Roanoke No Longer on List of Cleanest Cities for All 3 Pollutant Measures—Worsening for Short-term and Year-Round Particle Pollution; Still Ranked One of Cleanest Cities for Ozone Pollution

1 in 3 Nationwide Exposed to Unhealthy Air
Roanoke’s air quality has gotten worse as the county fell from the list of cleanest cities for all three pollutant measures in the American Lung Association’s 2023 “State of the Air” report, which was released today. The Roanoke metro area (comprising 4 counties and 2 independent cities) did post zero high ozone days (an “A” grade), placing it among the cleanest in the nation for ozone pollution. Even so, after ranking four consecutive years as one the cleanest cities for short-term particle pollution, the county ties for 118th most polluted, with more unhealthy air days, no longer making the list; and year-round particle pollution worsened after 13 consecutive years of improvement.  

Nationally, the report found that nearly 120 million people, or more than one in three, in the U.S. live in counties that had unhealthy levels of ozone or particle pollution. The Lung Association’s 24th annual “State of the Air” report grades Americans’ exposure to unhealthy levels of ground-level ozone air pollution, annual particle pollution and short-term spikes in particle pollution over a three-year period. This year’s report covers 2019-2021. 

“Here in Roanoke and across the nation, we are seeing ozone pollution improving, thanks in big part to the success of the Clean Air Act. But there is more work to do,” said Aleks Casper, Advocacy Director for the Lung Association. “Even one poor air quality day is one too many for our residents at highest risk, such as children, older adults, individuals who are pregnant and those who are living with chronic disease. That’s why we are calling on lawmakers at the local, state and federal levels to take action to ensure that everyone has clean air to breathe.”

“The American Lung Association believes that Virginia must continue to improve local air quality and enact policies to cut all harmful pollutants and ultimately protect the health and well-being of Virginians, this includes policies that would help Virginia’s transition to zero emission vehicles through continued participation in Advanced Clean Car Standards,” said Casper.

Nationally, the report found that ozone pollution has generally improved across the nation, thanks in large part to the success of the Clean Air Act. However, more work remains to fully clean up harmful pollution, and short-term particle pollution continues to get worse. In addition, some communities bear a greater burden of air pollution. Out of the nearly 120 million people who live in areas with unhealthy air quality, a disproportionate number – more than 64 million (54%) – are people of color. In fact, people of color were 64% more likely than white people to live in a county with a failing grade for at least one measure, and 3.7 times as likely to live in a county with a failing grade for all three measures.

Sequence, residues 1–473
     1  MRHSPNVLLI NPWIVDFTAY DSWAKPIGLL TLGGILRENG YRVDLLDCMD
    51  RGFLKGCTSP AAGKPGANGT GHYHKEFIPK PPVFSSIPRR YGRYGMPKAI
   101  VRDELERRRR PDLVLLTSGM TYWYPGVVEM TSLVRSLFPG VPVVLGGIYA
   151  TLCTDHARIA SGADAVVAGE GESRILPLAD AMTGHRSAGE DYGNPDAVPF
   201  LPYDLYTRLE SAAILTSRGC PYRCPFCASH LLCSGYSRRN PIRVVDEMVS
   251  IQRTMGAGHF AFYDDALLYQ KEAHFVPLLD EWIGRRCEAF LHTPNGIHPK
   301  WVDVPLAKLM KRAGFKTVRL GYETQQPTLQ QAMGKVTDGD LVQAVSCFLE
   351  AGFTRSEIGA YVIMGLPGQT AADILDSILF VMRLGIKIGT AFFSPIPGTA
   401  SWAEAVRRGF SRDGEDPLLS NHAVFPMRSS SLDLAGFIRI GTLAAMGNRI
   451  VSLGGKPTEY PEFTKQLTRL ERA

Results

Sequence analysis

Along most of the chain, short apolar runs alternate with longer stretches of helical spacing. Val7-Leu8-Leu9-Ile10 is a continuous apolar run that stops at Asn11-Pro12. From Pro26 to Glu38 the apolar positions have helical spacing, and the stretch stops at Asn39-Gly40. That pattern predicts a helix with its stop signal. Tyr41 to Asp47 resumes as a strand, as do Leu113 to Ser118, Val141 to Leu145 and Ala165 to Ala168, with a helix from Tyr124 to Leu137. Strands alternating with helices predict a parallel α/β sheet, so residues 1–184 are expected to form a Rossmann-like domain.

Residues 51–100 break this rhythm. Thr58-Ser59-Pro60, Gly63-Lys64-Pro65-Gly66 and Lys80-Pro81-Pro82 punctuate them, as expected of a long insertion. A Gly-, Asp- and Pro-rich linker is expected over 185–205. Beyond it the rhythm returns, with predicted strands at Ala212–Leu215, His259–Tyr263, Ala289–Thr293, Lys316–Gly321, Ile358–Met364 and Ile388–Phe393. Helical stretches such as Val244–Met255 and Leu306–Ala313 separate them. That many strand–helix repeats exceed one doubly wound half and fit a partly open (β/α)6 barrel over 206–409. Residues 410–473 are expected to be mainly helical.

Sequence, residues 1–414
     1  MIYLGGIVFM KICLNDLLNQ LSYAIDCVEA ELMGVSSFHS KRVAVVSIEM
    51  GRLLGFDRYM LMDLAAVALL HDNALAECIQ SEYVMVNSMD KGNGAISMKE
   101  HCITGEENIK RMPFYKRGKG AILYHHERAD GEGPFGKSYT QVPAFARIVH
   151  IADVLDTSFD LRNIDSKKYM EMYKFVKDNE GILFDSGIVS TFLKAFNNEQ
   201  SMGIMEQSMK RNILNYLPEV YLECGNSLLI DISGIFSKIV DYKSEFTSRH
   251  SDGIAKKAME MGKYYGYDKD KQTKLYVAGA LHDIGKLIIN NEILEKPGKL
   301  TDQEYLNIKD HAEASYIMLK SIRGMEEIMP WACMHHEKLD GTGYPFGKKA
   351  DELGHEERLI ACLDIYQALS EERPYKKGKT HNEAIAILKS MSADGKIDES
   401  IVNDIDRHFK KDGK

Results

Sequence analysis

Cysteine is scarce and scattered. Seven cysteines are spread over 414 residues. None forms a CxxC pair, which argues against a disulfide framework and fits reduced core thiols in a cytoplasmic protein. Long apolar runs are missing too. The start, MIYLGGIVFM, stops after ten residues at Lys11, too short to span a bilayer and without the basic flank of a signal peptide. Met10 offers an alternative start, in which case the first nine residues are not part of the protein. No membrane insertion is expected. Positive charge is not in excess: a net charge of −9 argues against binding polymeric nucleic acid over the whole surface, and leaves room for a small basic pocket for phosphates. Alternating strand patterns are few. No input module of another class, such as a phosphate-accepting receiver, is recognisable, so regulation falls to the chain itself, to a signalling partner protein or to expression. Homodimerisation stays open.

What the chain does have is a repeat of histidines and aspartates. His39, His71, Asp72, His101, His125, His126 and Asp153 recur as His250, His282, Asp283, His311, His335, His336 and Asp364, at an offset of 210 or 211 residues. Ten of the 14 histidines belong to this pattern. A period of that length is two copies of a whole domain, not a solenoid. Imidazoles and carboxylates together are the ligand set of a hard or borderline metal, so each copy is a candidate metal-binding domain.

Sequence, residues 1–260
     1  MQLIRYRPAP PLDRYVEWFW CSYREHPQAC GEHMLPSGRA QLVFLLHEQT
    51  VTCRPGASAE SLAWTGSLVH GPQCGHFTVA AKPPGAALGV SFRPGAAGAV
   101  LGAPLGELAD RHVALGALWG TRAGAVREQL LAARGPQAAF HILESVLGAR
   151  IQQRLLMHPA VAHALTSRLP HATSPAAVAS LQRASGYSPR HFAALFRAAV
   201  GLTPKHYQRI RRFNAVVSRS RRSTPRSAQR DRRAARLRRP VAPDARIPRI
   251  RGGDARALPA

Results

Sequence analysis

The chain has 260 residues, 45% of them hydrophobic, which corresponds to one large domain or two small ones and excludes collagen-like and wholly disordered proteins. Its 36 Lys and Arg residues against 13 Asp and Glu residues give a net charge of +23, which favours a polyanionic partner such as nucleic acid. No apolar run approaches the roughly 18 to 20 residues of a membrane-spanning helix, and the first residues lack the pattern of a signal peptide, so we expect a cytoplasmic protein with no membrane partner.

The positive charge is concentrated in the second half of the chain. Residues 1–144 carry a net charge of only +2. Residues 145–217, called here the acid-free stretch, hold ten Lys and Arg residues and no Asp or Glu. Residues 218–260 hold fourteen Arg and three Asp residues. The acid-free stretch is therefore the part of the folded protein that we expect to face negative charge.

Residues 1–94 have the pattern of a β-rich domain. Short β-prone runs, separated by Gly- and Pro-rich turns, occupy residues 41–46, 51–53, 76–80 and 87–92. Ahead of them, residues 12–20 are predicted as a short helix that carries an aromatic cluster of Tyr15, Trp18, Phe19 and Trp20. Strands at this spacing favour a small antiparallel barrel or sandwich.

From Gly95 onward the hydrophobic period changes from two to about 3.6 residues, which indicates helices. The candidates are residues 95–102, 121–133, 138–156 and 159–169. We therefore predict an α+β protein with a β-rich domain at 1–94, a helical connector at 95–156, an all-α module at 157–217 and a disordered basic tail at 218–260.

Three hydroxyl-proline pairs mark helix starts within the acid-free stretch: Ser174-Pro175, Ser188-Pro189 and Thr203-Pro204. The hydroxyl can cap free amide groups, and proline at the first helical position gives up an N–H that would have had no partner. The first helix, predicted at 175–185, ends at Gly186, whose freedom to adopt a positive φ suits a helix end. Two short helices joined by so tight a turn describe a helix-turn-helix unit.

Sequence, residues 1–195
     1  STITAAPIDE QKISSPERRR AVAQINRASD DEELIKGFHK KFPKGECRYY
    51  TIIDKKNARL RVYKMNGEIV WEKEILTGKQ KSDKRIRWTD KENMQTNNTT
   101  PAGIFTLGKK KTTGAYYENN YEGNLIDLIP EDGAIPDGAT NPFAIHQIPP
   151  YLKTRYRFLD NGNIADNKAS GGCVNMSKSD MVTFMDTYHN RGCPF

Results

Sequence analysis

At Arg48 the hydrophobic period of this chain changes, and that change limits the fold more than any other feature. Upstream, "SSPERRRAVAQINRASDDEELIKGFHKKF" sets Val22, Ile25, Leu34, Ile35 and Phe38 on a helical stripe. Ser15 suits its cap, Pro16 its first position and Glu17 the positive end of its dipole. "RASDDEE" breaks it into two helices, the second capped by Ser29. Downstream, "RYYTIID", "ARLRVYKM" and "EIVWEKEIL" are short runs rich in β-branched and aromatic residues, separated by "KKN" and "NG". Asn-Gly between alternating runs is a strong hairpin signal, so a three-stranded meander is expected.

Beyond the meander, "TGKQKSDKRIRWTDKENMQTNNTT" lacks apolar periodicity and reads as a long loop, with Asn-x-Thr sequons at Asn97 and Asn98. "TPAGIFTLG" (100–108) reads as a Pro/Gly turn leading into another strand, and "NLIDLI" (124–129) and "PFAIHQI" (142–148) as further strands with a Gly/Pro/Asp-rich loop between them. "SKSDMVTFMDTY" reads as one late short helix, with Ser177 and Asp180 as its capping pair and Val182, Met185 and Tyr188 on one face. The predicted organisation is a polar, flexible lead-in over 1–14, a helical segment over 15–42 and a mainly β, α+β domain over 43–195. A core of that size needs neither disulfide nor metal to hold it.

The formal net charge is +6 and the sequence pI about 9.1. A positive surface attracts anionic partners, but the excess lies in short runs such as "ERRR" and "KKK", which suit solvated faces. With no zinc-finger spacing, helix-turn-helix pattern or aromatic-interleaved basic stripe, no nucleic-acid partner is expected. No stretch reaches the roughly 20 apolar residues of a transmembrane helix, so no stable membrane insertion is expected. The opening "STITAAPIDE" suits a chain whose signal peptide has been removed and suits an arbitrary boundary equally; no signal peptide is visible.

Ground-level Ozone Pollution in Roanoke County, VA
State of the Air” reports that Roanoke County, VA (the only place monitored for ozone in the metro area) experienced zero unhealthy days of high ozone in this year’s report, marking the 7th consecutive year as one of the cleanest cities in the U.S. for ozone pollution. Roanoke County received an “A” grade for ozone pollution.

Particle Pollution in Roanoke Metro Area
The report also tracked short-term spikes in particle pollution, which can be extremely dangerous and even deadly. Roanoke metro area’s short-term particle pollution got worse in this year’s report (after 4 consecutive years of improvement), which means there were more unhealthy days. The metro area is ranked 118th worst for short-term particle pollution. Roanoke County was worst in the metro area reporting 0.3 unhealthy air days and received a “B” grade for short-term particle pollution, compared to an “A” grade in last year’s report.

The 2023 “State of the Air” found that the year-round particle pollution level in the metro area worsened slightly (after 13 consecutive years of improvement) than in last year’s report. The area was ranked 164th most polluted for year-round particle pollution, worse than the ranking of 172nd last year and no longer placing on the cleanest cities list for the measure but still meets national standards.

The American Lung Association is calling on President Biden to urgently move forward on several measures to clean up air pollution nationwide, including new pollution limits on ozone and particle pollution and  measures to clean up power plants and vehicles. See the full report results and sign the petition at Lung.org/SOTA.
For more information, contact:

Valerie Gleason
717-971-1123
[email protected]

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